Moving Towards a New Normal

22 Sep 2015

Making sense of a changing distributed wind market

Reaching almost 1 GW of capacity in 2014, the market for distributed wind turbines in the United States rebounded by adding close to double the 2013 capacity. However, the market for small and mid-size sized turbines remains in flux. Increased opportunities in an expanding global market, new financing schemes, the availability of incentive programs, as well as competition from solar PV will affect the way distributed wind projects fare in 2015 and beyond.
In 2014, the U.S. distributed wind market grew by 63.6 MW of capacity coming from nearly 1,700 units (turbines) representing $170 million in investment across 24 states. Distributed wind is defined as wind projects that are either off-grid or grid-connected, and serve to offset all or a portion of the local energy consumption or support local grid operations and local loads. Distributed wind projects can be found across all 50 states, Puerto Rico, and the U.S. Virgin Islands at homes, farms and ranches, businesses, public and industrial facilities, and other sites. Distributed wind reached a cumulative capacity of almost 1 GW (906 MW) in the United States in 2014, reflecting nearly 74,000 wind turbines deployed. 
For the third year in a row, the U.S. Department of Energy is examining the state of the distributed wind market in the United States. The vast majority of the 63.6 MW of new distributed wind capacity installed in 2014 came from projects with large-scale turbines, which grew almost threefold from 20.4 MW in 2013 to 57.5 MW in 2014. Conversely, the markets for distributed wind systems using small and mid-sized wind turbines continued to struggle with only 3.7 and 2.4 MW of new capacity installed in 2014, respectively, compared to 5.6 and 4.4 MW in 2013. Inconsistent federal and state incentives, including the ending of the U.S. Treasury Section 1603 cash grant payments, and high soft costs, which include non-hardware balance-of-system costs (e.g., permitting), were some of the reasons these segments of the market did not expand. 
As a consequence, in 2014, several foreign-based small scale turbine manufacturers started to abandon the U.S. market, while U.S.-based manufacturers continued to focus on opportunities abroad. For the small scale turbine sector, exports remained an important source of revenue in 2014. Seven U.S. manufacturers exported 11.2 MW in 2014, at a value of $60 million. Nearly 80% of all small wind turbines manufactured in the United States were exported in 2014. The top reported export markets, in terms of capacity, were Italy, United Kingdom, and South Korea. New markets, including South Korea and Japan, are providing opportunities for manufacturers such as Northern Power, which has made inroads into these markets with new wind-diesel hybrid systems which also incorporate solar PV and energy storage.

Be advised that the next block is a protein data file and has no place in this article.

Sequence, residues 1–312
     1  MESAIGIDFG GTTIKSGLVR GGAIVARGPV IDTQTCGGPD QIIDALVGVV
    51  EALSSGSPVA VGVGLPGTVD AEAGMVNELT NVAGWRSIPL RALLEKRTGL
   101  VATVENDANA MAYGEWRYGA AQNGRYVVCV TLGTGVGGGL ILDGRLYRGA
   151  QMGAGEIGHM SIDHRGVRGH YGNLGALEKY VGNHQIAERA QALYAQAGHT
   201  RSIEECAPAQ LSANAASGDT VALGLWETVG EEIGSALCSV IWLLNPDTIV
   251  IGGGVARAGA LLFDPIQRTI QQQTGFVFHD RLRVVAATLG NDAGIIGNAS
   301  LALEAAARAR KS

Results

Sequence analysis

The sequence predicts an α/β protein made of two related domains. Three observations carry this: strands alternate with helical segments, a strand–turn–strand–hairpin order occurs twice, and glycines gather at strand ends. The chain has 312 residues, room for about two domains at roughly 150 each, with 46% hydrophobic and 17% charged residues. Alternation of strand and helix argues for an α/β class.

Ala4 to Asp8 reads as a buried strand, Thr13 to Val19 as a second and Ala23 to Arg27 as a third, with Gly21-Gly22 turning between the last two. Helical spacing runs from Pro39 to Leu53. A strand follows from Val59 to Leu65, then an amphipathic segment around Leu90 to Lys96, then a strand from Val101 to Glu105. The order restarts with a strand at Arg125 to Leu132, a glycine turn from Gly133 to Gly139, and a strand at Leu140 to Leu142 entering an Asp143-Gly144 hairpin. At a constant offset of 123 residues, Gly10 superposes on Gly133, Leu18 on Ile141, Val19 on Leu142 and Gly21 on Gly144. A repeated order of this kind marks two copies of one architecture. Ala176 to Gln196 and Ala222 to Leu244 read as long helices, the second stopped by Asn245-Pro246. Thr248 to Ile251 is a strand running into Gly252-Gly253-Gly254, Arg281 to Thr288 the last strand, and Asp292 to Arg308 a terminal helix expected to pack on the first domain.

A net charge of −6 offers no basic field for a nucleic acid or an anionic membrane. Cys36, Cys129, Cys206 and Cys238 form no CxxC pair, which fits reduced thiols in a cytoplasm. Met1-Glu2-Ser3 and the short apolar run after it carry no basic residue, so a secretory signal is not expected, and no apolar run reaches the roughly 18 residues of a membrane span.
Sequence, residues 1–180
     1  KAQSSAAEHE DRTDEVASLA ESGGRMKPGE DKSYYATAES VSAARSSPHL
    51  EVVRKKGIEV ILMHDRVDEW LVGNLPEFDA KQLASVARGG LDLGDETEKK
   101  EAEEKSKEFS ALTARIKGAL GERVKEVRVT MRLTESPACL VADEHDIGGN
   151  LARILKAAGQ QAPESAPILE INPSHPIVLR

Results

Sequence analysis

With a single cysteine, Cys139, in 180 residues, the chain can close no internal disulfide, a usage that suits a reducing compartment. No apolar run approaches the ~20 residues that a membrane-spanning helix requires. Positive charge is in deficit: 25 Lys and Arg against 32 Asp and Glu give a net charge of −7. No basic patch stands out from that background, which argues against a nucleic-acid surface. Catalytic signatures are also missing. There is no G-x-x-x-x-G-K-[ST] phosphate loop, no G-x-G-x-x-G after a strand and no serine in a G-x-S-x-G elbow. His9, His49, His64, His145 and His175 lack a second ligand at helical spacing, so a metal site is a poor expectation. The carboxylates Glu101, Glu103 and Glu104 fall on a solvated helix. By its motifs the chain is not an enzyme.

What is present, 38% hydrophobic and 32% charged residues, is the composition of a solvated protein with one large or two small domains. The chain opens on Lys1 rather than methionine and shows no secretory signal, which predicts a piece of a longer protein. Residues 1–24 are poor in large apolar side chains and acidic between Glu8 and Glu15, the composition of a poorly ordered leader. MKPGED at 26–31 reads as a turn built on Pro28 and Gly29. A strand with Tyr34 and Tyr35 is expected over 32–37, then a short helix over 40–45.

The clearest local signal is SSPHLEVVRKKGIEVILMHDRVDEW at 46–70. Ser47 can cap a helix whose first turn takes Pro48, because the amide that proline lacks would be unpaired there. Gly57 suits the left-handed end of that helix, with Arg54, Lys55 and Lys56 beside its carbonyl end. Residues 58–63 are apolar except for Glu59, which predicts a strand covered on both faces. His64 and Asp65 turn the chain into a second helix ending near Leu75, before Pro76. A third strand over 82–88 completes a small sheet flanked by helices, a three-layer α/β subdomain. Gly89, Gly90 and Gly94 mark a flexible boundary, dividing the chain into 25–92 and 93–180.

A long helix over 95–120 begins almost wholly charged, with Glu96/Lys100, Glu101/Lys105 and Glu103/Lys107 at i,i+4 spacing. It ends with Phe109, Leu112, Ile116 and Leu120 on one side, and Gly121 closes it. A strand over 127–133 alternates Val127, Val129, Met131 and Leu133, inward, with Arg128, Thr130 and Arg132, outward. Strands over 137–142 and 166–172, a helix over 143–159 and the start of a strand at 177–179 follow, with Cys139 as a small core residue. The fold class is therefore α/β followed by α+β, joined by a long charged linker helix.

The top states for distributed wind capacity additions were New Mexico, Texas, and California, which accounted for 88% of all capacity additions in 2014. New Mexico accounted for nearly 55% of the total U.S. annual capacity with two large projects totaling 34.8 MW installed. Minnesota, New York, Nevada, and Iowa led the nation for the number of small wind turbines deployed in 2014. Currently, 16 states have more than 10 MW of cumulative distributed wind capacity. 
Apart from the continued success in exports, some of the factors affecting the industry include new financing schemes, the continuation of existing grant and loan programs, as well as certification requirements. The United Wind lease program implemented in New York State is leading industry stakeholders to expect an increase in the small wind sector’s competitiveness. United Wind financed five projects in New York in 2014 and, as of May 2015, 27 projects have been commissioned per United Wind records and the New York State Energy Research and Development Authority reported 40 applications received so far. These numbers indicate increased interest in new financing models. 
The continuation of existing grant and loan programs are also shaping the future of the U.S. distributed wind market. In total, $20.4 million in federal, state, and utility incentives were awarded to distributed wind projects in 2014, slightly more than the $15.4 million awarded in 2013. Lastly, the requirement by the U.S. Internal Revenue Service (IRS) that small wind turbines must meet performance and safety standards to be eligible for the federal 30% ITC will most likely support increased consumer, government agency, and financial institution confidence in distributed wind projects. However, while certification increases confidence, it will also represent another potentially costly investment for manufacturers undergoing the certification process.
Looking ahead, the outlook for the distributed wind market in 2015 and beyond remains mixed.  The large-scale sector of the distributed wind market is expected to continue to grow in the near future and the mid-size sector may rebound, albeit on a very small level in terms of units deployed. Manufacturers and developers of small wind projects remain reliant upon the global market and hope for breakthroughs in financing and reductions in soft cost, which might inject some upward momentum into the 2015 market for small wind. 
Nik Foster is an energy analyst in the energy and environment directorate at the US Department of Energy’s Pacific Northwest National Laboratory (PNNL). The US Department of Energy’s full 2014 Distributed Wind Market Report is available at  
Pacific Northwest National Laboratory |

Volume: September/October 2015